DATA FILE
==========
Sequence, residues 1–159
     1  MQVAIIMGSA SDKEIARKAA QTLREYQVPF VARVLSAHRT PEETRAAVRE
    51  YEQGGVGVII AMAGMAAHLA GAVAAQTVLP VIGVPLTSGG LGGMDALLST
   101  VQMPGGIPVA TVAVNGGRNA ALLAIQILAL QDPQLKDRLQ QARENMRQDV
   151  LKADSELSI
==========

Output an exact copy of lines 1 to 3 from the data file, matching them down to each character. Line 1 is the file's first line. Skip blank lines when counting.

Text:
Sequence, residues 1–159
     1  MQVAIIMGSA SDKEIARKAA QTLREYQVPF VARVLSAHRT PEETRAAVRE
    51  YEQGGVGVII AMAGMAAHLA GAVAAQTVLP VIGVPLTSGG LGGMDALLST